Tranquility Then and Now

Gail Simone will be writing a new WildStorm series called Tranquility about a superhero retirement community.

I wonder if they know that there was a previous comic series with that name? It was written by Fred Van Lente (currently writing hot indy title Action Philosophers) and drawn by Steve Ellis, and I quite enjoyed it. Since it was published in 1998, perhaps they think the title’s expired, or no one’s going to protect it (although it seems to be available as a Platinum Studios property (link no longer available)).

On another note, I’m looking forward to the Simone series because she says, in reponse to a question about whether her hero characters will be analogues of existing characters,

You know, I’m going to sound like a jerkette here, but I’m not a fan of that approach. Better writers than I have made wonderful stories with doppelgangers, but…personally, I hate it. I don’t want to read a story looking for the Z-universe Batman, or the Obscure comics version of Captain America. I think it’s cheating, and removes you from the story at the best of times. But, I’m nuts, and have an IQ of 34, I’m told, so maybe I’m wrong. It’d certainly be easier to just remake the JSA with new suits, but it’s not an approach I like at all.

5 Responses to “Tranquility Then and Now”

  1. Lyle Says:

    Oh, goodness, that quote makes me adore Simone all the more.

  2. James Schee Says:

    I really enjoyed that Tranquility series, I wish they would have been able to finish the story. (or did they?)

    I’m sure with Gail writing it, that there will be some neat twists and turns.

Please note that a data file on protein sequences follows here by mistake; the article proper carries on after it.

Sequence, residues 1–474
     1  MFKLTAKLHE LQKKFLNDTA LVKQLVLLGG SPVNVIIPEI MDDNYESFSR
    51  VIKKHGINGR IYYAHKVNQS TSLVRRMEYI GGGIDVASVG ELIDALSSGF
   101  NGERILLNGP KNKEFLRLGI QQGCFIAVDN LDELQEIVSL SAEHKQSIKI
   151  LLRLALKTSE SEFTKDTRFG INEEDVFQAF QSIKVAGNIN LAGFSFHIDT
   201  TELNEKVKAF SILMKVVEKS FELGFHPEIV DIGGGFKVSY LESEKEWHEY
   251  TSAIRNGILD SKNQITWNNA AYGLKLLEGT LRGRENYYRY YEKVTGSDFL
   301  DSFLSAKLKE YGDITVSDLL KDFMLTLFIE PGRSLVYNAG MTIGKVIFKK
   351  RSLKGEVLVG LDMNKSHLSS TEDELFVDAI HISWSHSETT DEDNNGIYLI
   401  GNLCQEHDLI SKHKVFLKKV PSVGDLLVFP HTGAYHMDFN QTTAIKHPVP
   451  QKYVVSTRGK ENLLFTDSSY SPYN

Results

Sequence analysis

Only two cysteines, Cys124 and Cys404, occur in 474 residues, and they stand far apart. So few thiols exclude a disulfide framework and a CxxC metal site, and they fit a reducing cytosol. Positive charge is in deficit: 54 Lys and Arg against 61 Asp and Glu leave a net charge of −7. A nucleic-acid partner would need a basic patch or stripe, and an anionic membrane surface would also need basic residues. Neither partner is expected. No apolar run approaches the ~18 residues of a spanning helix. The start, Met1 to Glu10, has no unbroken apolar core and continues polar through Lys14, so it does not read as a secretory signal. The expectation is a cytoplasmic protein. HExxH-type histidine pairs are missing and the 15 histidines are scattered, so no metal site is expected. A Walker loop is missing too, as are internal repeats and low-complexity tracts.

Yet it does seem interesting to see a series with senior citizens as its stars. Does that reflect the ever growing age of the current direct market comic buyers I wonder?

    Because it wasn’t that long ago when the companies seemed to be moving towards younger heroes or rmodernized classic ones, who they hoped would be more in tune with a younger audience.

  3. Johanna Says:

    There were only 4 issues out of a planned 12, so no, but what we got was satisfying and complete enough.

    Interesting speculation. I don’t think the age of the new characters reflects the market as much as the market’s concerns. Many baby boomers have reached the point already where they’re having to deal with aging parents and how best to care for them.

  4. James Schee Says:

    True, and thank you. I was a bit worried after I posted that it might have come off as “eww, who wants to read about senior citizens?”

    It is just interesting to me to see a focus on a segment of the populace that rarely gets any attention, especially in comics.

    I mean yes the JSA is supposed to be part of that age group, but more than half the current roster are newer versions, and the ones who aren’t have some “magical” reason to not be so.

    I find at times that comics, superhero comics especiall,y have such a stigma at times of being either for youths or those trying to relive/hang on to their childhood.

    That this book which seems like it will take a different approach could be interesting, since, as you say, it could reflect the new concerns a large part of the audience now faces.

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    […] them from small press print projects, though. (And I’m thrilled to have the chance to see Steve Ellis’s art again.) These are the ones readers will be voting on next month, and they were also approached […]




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